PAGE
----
Part two of a two-part series.
“As I was warming up before the first batter came up to the plate, I felt a sharp pain in my left hip during my stride,” former pitcher Joey Stirling said. “I ignored it, kept pitching, but I could see and feel the effects. I knew the pain in my hip was throwing me off my game. I couldn’t let my team down and there was no way I was going to say I was hurt. So I carried on and my coach eventually took me out after allowing five runs. Why couldn’t I speak up about my injury, why did I feel like I had to be the savior?”
Stirling, 20, is a former major league baseball pitching prospect and was once predicted by some scouts to be drafted in the early rounds of the 2013 MLB draft. The discovery of a birth defect, however, ended his career prematurely in high school.
Men taught to hide pain
At a young age, boys are taught to be a man, which means not asking for help. Any goal worth achieving, one must do it by himself. Playing and fighting through pain is what society demands of their “men.”
Stirling said it is a common stereotype for men not to ask for help.
“It is engrained in every aspect of men’s lives not to seek help, we must figure it out on our own,” Stirling said.
As an elite athlete, he said he often felt pressured to keep silent about an injury, because he he had an obligation to his team to his gender to suck it up.
“It’s like that old story of a man and a woman traveling on the road. She wants him to ask for directions, but the husband says he’s got it,” Stirling said. “I think it is important to note that just because you seek help it doesn’t make you less of a man. A big part of playing sports is mental, that will to play, that drive to play and the want to pursue a victory and do everything humanly possible to win that one game.”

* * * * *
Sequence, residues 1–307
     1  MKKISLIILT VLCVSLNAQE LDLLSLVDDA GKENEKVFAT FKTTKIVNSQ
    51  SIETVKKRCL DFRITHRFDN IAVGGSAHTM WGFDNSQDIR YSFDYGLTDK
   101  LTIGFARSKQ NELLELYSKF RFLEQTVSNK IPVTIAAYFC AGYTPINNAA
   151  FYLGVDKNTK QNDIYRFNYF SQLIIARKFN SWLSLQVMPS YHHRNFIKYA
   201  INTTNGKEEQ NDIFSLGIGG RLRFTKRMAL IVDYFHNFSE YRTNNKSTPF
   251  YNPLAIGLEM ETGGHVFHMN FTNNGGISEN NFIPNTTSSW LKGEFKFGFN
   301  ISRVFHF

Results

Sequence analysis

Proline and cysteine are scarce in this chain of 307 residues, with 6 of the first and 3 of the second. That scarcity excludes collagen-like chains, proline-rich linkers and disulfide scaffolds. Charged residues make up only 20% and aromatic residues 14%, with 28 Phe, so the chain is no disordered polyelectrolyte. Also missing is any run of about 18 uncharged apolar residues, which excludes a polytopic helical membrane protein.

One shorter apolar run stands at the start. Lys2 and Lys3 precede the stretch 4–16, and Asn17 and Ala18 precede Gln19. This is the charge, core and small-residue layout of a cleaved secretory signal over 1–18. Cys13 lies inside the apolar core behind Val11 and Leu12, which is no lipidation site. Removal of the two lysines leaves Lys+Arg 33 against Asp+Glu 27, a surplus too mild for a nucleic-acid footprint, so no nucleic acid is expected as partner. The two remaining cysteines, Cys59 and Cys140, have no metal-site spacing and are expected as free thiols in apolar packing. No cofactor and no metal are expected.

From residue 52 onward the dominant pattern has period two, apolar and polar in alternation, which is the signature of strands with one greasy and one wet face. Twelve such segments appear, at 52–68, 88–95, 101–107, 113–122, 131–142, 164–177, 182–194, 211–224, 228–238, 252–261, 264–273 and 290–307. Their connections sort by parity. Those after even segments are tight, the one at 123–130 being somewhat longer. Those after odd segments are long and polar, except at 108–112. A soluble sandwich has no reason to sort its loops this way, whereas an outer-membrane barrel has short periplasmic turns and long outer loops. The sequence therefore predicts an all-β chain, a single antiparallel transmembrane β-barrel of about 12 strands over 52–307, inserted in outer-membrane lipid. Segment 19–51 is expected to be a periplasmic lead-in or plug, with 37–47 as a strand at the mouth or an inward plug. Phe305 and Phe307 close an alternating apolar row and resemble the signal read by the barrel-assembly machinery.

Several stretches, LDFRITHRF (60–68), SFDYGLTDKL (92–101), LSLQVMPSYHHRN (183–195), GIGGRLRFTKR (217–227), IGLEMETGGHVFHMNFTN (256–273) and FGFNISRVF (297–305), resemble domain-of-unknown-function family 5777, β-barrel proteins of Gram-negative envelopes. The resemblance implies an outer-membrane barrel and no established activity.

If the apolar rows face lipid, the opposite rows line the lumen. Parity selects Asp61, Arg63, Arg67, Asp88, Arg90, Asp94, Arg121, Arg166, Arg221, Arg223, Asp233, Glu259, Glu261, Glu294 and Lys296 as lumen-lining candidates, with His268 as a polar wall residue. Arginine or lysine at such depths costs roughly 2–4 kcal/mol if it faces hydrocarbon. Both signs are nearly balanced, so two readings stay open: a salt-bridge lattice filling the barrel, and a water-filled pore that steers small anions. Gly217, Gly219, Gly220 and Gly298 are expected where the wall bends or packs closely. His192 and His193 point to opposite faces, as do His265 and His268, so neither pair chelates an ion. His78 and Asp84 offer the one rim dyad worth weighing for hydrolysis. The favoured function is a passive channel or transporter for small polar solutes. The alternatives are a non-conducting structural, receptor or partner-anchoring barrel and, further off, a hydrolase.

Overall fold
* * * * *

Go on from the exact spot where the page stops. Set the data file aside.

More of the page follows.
The media plays a huge part in reminding us of the pain and sacrifice athletes are willing to endure to obtain sports glory, according to the 2015 book “Psychosocial Strategies for Athletic Training” by Megan Granquist, associate professor of kinesiology at the University of La Verne, Jennifer Hamson-Utley, Laura J. Kenow, and Jennifer Siller-Ostrowski.
The book raises the question of whether we’ve paused to ask what price these athletes are willing to pay down the road in long-term health consequences, as a result of their moment of glory. Another question it asks is what message are we willing to send young children, who glue their eyes to the TV and watch their idols perform through pain and injury?
This behavior is normalized, encouraged, and often glorified by those involved in sports. Athletes are bombarded with locker room talks, movies, posters and more, all saying that there will be some pain involved in achieving athletic success, but some athletes will not let that or anything else stand in the way of victory, according to this book and other research.
Pushing bodies too far
Granquist, who is also director of the La Verne athletic training program, said that it all goes back to sports culture and how different demands are placed on men and women. There is also a difference between men and women when it comes to asking for help.
Stirling said male athletes are expected to have a totally devoted love for the game and prove this love by making sports the top priority in their lives.